AOL's purchase of Huffington Post has brought with it rampant speculation about what the merger will mean, in part because of the unease many feel about Arianna Huffington's wildly popular site. It is often bashed as a scandal- and search-engine-optimization-obsessed, soulless media enterprise that doesn't pay most of its contributors, and there's some merit to this critique (take this example of brilliantly executed SEO manipulation). But at the same time, the site does have something like an editorial vision, and has in recent years hired talented reporters like Ryan Grim and Arhur Delaney, producing substantive journalism as a result.
It's AOL, in fact, that is probably more deserving the corporate-machine label. A week ago Business Insider leaked the company's "master plan," a document that it is using to guide editors in their attempts to ramp up the site's traffic.
Here's the gist:
* AOL tells its editors to decide what topics to cover based on four considerations: traffic potential, revenue potential, edit quality and turn-around time.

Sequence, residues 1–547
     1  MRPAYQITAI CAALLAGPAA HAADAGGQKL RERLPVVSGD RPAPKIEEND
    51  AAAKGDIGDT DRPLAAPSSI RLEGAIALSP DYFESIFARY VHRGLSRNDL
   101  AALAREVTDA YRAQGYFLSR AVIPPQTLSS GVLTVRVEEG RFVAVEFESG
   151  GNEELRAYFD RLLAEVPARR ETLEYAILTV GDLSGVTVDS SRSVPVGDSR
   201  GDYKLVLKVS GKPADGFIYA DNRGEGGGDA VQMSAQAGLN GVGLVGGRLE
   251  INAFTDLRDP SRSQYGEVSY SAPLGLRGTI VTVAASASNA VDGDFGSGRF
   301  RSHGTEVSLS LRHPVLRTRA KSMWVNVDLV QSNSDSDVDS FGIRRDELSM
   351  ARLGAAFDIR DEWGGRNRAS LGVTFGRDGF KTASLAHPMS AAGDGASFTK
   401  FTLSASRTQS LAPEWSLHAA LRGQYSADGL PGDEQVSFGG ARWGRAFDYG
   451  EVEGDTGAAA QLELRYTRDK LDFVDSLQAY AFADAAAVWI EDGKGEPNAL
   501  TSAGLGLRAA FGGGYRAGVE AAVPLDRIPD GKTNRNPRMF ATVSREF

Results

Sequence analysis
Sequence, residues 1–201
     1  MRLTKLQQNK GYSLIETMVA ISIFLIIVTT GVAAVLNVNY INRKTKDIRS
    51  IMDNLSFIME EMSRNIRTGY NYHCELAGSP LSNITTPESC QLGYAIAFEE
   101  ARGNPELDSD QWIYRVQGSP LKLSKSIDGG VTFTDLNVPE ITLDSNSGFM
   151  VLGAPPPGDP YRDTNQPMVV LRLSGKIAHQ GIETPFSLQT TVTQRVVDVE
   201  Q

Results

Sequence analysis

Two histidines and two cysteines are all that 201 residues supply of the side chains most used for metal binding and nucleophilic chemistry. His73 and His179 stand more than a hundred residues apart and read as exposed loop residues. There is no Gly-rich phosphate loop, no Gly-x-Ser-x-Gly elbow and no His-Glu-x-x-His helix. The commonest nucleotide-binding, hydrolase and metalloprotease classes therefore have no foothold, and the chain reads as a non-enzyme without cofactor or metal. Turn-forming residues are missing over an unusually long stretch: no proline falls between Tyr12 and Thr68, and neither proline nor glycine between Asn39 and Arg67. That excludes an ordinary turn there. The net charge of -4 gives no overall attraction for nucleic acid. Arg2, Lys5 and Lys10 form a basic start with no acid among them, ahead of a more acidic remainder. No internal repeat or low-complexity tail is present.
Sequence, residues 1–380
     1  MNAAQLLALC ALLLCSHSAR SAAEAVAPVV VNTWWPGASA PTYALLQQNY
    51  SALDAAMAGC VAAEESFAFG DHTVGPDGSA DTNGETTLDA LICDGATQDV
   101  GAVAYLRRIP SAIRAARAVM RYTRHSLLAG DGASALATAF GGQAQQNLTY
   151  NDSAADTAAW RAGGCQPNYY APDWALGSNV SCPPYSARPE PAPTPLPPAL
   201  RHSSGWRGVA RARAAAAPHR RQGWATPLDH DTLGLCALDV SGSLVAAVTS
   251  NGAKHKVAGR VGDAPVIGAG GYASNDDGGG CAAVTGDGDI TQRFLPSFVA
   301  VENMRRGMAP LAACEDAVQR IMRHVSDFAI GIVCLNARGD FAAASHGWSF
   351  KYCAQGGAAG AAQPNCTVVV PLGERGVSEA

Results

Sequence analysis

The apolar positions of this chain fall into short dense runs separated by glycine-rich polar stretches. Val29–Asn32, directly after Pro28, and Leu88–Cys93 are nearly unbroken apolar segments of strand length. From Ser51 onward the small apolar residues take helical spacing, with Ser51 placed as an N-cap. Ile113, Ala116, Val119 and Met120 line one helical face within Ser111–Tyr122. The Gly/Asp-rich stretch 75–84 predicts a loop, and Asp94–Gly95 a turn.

* AOL asks its editors to decide whether to produce content based on "the profitability consideration."
* The documents reveal that AOL is, when the story calls for it, willing to boost traffic by 5 to 10% with search ads and other "paid media."
* AOL site leaders are expected to have eight ideas for packages that could generate at least $1 million in revenue on hand at all times.
* In-house AOL staffers are expected to write five to 10 stories per day.
* AOL knows its sites are too dependent on traffic from AOL.com, and it wants its editors to fix the problem by posting more frequently, with more emphasis on getting pageviews.
The document itself is worth a look — an endless array of flow charts and boxes and text. It reads almost like a satirical take on what it takes to produce a bland, flavorless thing called "content," and journalistic significance and quality does not appear to be one of AOL's primary concerns. While people often say the same thing about HuffPo, which does commonly slide into lowest-common-denominator territory, it has shown that it's willing to invest in quality journalism and commentary.
So with Huffington taking over day-to-day editorial operations of the AOL/HuffPo behemoth, the question becomes whether she can graft some sort of personality or soul onto AOL, or whether the endless pressure to produce page views at the expense of quality and tone will win out and further adulterate both brands.